All’s Well, Ends Well Review: Stephen Chow Marked a Highlight in 1990 Hong Kong Comedy Movie

Your standard Lunar New Year wackiness which gets a lift from the inspired pairing of Stephen Chow and Maggie Cheung.

Raymond Wong produced this typical Lunar New Year comedy All’s Well, Ends Well (Tinh Truong Quy Kien Sau), which features plenty of bad gags, movie parodies and assorted silliness. However, this movie also features an ace cast, including the likes of Maggie Chueng, Leslie Cheung and Stephen Chow. Chow plays Foon, a womanizing radio DJ who gets involved with wacky babe Holli-yok (Maggie Cheung or Truong Man Ngoc) who’s obsessed with American movies. They wander around doing movie parodies until she catches him with another woman and he gets brain damage. Meanwhile, Foon’s brother (Leslie Cheung) is an effeminate floral arranger who engages in a gender-bending battle of the sexes with his cousin, the butch Teresa Mo. The last coupling features Sandra Ng as a frumpy housewife who undergoes an ugly duckling transformation to spite her husband, third brother Raymond Wong. Then there’s hijinks.

To properly evaluate the wackiness that director Clifton Ko has conjured up here would be impossible. To say that this movie is crap would be understandable, but it’s probably some of the funniest crap around. Really, let’s dissect why people see movies like this. It’s the Lunar New Year, they’re in a good mood, so they all go to the movies. At the movies, they’re treated to many big stars acting like complete loons for ninety-some minutes. At that point, all we can ask is the stars be good stars and the lunacy somewhat funny. Sometimes it works, sometimes it doesn’t.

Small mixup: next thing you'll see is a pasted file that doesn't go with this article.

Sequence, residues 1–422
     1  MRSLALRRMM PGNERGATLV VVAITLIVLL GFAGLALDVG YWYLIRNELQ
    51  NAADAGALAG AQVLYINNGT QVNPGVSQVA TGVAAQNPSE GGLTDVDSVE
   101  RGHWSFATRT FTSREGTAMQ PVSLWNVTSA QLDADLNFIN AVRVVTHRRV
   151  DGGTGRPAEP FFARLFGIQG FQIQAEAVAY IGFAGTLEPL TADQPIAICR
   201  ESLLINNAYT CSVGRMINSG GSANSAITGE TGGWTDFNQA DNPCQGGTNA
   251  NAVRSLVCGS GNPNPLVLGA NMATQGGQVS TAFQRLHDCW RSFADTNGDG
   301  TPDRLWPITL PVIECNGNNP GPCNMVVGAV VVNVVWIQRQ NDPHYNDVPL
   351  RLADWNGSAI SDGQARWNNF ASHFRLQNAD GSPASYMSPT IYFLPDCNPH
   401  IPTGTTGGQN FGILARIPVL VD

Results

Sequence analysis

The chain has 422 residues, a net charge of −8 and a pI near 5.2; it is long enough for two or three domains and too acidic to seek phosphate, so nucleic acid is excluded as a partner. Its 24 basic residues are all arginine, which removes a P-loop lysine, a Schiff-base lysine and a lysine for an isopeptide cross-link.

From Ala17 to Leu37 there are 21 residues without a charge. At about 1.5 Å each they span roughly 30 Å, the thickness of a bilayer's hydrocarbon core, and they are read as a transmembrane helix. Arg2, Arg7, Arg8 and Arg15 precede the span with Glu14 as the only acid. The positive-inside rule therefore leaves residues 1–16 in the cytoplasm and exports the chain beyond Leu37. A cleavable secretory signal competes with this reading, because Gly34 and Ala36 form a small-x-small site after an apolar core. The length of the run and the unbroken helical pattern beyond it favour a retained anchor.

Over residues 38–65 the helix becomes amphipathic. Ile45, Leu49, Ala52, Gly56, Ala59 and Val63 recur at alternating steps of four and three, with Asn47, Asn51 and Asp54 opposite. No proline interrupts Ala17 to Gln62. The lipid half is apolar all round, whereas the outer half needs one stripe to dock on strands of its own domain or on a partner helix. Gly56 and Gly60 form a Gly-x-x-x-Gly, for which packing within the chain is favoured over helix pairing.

Well it works here, and we can give most of the credit to people like Stephen Chow (Chau Tinh Tri) and Maggie Cheung, who have the most enjoyable pairing here. The gags can be tired and the comedy sophomoric, but the two are such engaging performers that we can forgive them the endless parade of movie parodies, from Pretty Woman to Ghost to Terminator 2 to Once Upon a Time in China.

We can also forgive the presence of Raymond Wong. Who insists that he appear in these films alongside real actors (Sorry, Raymond!). Leslie Cheung and Teresa Mo are amusing, and Sandra Ng turns in another fun comedic performance. This isn’t a standout film by any stretch of the imagination. But it’s got enough fun stuff among all the flotsam and jetsam to make it a diverting ninety minutes. It really depends on how good the performers are. And here, they’re pretty good.

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